I must go. Bye for now. Give my regards to all the mob.
Tom Moppett - Conservation Sec.
The Dept. of Lands is pressing on with this proposal and expects to effect the reservation in the first half of 1957.
This area is part of the area set aside in about 1943 following representations by the N.P.F.A.C. for the future Blue Mountains National Park, in which it was stated timber-getting operations would not be permitted. In spite of this, timber-getting has been carried on in the Erskine Creek area for some considerable time. It is understood that the Forestry Commission has stated that this area is required for a state forest because of the good timber there, its nearness to Sydney, and the great need for timber supplies. Further, it is proposed to operate the area as a real State forest on a continuous yield basis - not just remove all useful timber then leave it. Walkers would be welcome providing they strictly observe fire regulations.
It is most disappointing that the promise not to allow timber-getting in the area has not been kept - nevertheless we must consider the needs of the community and the best use of the land under discussion. Also, State forests can be valuable to adjacent National Parks in the matter of fire protection. I believe that the only course is to accept the situation and do our best to further cooperation between the Forest and the Park, and that we should inform the Conservation Dept. of this. There is an impression that the Conservation bodies generally have tended to request reservation for recreation of every piece of bushland in sight without regard to the best use of the land and the varied requirements of the community. I feel that we should show that we do, in fact, look at conservation matters with a much wider viewpoint than than of bushwalking only.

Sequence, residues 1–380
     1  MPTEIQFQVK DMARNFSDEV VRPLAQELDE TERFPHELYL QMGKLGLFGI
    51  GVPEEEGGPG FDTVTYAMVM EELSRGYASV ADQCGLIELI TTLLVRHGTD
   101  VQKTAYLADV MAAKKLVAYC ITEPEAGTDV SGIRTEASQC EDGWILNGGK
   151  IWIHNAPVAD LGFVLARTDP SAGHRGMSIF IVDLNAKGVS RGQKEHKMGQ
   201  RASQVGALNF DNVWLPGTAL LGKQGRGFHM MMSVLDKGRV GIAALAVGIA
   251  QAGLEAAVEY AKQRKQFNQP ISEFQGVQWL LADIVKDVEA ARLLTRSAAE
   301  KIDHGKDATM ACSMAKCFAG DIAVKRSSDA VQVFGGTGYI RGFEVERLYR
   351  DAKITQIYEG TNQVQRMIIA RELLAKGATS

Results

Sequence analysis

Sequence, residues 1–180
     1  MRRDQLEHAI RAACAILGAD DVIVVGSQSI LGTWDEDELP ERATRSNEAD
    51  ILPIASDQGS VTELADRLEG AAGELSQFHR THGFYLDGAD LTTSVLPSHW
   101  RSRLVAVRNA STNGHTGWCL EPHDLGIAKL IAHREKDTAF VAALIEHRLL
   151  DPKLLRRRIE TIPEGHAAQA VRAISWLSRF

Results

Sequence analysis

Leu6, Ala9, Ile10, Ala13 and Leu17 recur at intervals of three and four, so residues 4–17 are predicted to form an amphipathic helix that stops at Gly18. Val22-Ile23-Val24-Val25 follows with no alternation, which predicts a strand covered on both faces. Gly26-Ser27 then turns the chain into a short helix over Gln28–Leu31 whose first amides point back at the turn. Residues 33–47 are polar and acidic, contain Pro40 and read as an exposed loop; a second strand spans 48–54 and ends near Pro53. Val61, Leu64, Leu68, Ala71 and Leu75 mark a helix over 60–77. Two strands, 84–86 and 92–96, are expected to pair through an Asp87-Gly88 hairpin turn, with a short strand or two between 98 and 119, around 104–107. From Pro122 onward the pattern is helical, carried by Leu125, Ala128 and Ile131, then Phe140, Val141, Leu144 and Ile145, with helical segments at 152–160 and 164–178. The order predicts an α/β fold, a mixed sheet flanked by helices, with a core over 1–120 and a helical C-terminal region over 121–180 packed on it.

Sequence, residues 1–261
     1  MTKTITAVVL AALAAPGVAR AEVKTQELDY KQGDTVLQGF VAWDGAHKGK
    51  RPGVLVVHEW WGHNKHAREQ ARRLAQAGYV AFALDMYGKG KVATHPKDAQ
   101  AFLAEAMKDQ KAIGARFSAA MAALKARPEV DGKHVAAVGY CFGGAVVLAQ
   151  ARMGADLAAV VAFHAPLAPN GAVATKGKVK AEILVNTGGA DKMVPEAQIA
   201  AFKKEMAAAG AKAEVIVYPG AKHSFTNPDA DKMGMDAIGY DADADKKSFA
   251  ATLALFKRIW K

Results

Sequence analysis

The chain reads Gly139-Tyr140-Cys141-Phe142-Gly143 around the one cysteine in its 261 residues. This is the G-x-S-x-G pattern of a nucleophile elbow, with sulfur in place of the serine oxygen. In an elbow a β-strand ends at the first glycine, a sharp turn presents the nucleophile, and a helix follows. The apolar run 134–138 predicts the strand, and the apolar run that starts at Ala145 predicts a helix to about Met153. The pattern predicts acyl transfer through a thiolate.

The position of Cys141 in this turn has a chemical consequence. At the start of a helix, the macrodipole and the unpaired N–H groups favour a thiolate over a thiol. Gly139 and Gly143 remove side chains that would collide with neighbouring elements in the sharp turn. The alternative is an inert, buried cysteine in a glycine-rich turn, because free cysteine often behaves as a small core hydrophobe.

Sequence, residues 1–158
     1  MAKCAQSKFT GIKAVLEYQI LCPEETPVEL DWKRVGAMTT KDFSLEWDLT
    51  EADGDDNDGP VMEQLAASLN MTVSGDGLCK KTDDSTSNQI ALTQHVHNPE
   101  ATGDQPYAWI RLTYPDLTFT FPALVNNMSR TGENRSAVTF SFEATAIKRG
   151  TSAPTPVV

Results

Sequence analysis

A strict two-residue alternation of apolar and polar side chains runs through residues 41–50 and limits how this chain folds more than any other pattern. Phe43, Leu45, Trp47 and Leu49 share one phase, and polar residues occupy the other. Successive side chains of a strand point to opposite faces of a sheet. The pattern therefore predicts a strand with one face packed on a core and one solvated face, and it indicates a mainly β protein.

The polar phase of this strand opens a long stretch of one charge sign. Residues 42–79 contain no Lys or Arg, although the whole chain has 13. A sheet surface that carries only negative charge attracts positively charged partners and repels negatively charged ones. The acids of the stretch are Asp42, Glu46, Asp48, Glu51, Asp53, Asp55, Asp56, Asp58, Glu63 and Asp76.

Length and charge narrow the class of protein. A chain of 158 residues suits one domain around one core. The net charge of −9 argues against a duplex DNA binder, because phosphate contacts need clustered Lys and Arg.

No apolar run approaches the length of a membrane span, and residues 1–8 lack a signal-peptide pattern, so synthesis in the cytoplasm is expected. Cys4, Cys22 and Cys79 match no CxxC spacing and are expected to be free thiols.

The “Pallin Report” on publicity stated that the time was opportune for the formation of a N.P.A. and referred the matter to the Conservation Bureau.
In Newcastle the Northern Parks and Playgrounds Movement has decided to restrict its activities to municipal and local parks and allied matters, and sponsor the establishment of an N.P.A. This body held its inaugural meeting in Newcastle on 6th November last.
Briefly, the purposes of an N.P.A. are to take up with Governments and Governmental Depts. matters concerning national parks and areas suitable for national parks, and to inform members and the general public concerning national parks, and create public support for them. Some advantages of a single organisation concentrating on this work, as against numerous organisations nibbling here and there with little or no co-ordination, are:-
Any member of the public who supports our conservation ideals can join an N.P.A., but may not be able to or may not want to join, for example, a bushwalking club. This is most important, as widening of public support is necessary to further our conservation objects.
Mr. Strom and I visited Newcastle on 20th October to discuss the possibilities of forming a state wide N.P.A. It was decided that this was most desirable and we agreed to try to further the proposal in Sydney.
The main points decided were:-
Mr. Strom and I have been acting as unofficial representatives of all the Conservation bodies. We propose to discuss the matter with the rest of the Federation Conservation Bureau and suggest that Federation be asked to bring it before the other Conservation bodies.
Sent in by Frank Ashdown, (who manufactures parsnip wine under his house).
“How I hate the sound of water - a substance which has brought misery to countless humans. In it, every disgusting parasite finds a ready host - cholera, typhoid, dysentery, malaria.
Whatever water touches it corrupts. Leave it standing and it stinks. Put it in a cask and it breeds slime and mould.
I can never understand why Governments spend millions of pounds making reservoirs of the foul stuff, instead of planting out, at a quarter of the cost, a few thousand acres in vines…” (or parsnips, perhaps?)
Excerpt from Walter James' “Barrel and Book.”
And his offsiders, and do yourself a good turn by shopping early for Xmas.
Avoid irritating waiting and unwilling milling around Paddy's counters.
Make up your list now and get it over.
Ring up and we'll get it ready for you.
Write and we'll send it.
Paddy has plenty of packs, sleeping bags, tents, groundsheets and all the trimmings.
There are 6 different sizes of plastic bottles from half a pint to one gallon.
Small primus stoves (burn Shellite) Price 53/6. Good for that Tassie trip. Buy one and have breakfast in bed.
“Taft” waterproof coats - 74/3d.
Happy Christmas to all walkers from Paddy and his staff.
Paddy Pallin. Lightweight Camp Gear.
201 Castlereagh St., Sydney. Phone: BM2685.